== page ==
The exact timing of flu season can vary, but according to the Centers for Disease Control and Prevention, in North America, flu activity usually starts to pick up in October.
Great. Cue the stuffy nose and persistent cough.
But as we prepare ourselves to face the onslaught of cold and flu symptoms – and hopefully avoid them entirely – should we also be worried about our dogs?
Is the dog flu a real thing? If so, how common is it, and is there anything we can do to help prepare our canine companions?
Is the Dog Flu a Real Thing?
Yes, the dog flu, also known as canine influenza, is a real thing.
There are actually two different types: H3N8 and H3N2.
H3N8 originated in horses, then spread to dogs. It’s been around for more than 40 years in horses, but the first reported cases in dogs were seen in 2004, when cases of an unknown respiratory illness in greyhounds were reported in the United States. Investigations found that this was actually the equine influenza A(H3N8) virus, which had jumped species. It has since adapted to spread among dogs, especially those housed in kennels and shelters.
H3N2 originated in birds, then, like H3N8, spread to dogs. It was first detected in dogs in South Korea, but then spread out from there. The first case in the US was in 2015.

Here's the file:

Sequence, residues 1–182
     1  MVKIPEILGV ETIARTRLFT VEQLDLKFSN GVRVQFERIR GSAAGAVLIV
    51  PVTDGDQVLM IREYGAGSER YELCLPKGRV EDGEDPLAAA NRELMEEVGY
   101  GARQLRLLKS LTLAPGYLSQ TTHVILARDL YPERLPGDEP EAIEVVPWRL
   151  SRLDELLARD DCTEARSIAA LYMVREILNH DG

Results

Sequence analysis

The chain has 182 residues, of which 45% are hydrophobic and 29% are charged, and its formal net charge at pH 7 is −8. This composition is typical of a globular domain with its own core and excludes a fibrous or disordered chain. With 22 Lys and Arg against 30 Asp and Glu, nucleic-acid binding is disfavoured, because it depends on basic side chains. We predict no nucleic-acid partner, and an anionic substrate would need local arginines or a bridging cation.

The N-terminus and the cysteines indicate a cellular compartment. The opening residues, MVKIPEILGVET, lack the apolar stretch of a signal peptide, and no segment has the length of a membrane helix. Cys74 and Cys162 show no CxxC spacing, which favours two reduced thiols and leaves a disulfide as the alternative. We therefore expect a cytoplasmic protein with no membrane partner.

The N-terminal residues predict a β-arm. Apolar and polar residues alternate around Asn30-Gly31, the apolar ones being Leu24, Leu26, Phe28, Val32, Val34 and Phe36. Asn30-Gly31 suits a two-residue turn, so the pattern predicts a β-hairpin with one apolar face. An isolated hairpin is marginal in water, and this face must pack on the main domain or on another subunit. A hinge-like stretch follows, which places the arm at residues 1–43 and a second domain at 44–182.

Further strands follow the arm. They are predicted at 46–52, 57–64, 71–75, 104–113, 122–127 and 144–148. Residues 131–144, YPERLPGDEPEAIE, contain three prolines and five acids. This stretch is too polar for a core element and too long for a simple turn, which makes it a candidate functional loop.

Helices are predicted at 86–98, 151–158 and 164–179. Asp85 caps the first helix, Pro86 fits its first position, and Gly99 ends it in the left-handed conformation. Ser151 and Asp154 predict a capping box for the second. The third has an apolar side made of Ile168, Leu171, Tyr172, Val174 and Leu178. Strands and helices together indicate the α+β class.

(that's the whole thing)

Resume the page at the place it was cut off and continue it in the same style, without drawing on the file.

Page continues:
With both cases, the symptoms are similar to what we experience:
- runny nose
- reduced appetite
Ok, so it’s real. But is it common?
Thankfully, no. The dog flu is uncommon, and many dogs will never come in contact with it in their lifetime. That said, it is highly contagious, and is more likely to be seen in certain areas (dog parks, kennels, daycares) where it can easily spread.
Additionally, even those who are exposed to it and develop symptoms usually fully recover in 1-3 weeks. Few animals will experience severe symptoms, and usually only if they have an underlying condition. Speak to your trusted veterinarian if you have any concerns at all.
Still, knowing it’s out there (as well as plenty of other viruses) is enough to make us want to make sure our dogs’ immune systems are in tip-top shape!
Don’t worry – even if your dog gets the flu, they won’t pass it to you. To date, there is no evidence canine influenza spreading from dogs to people and there has not been a single reported case of human infection with a canine influenza virus worldwide.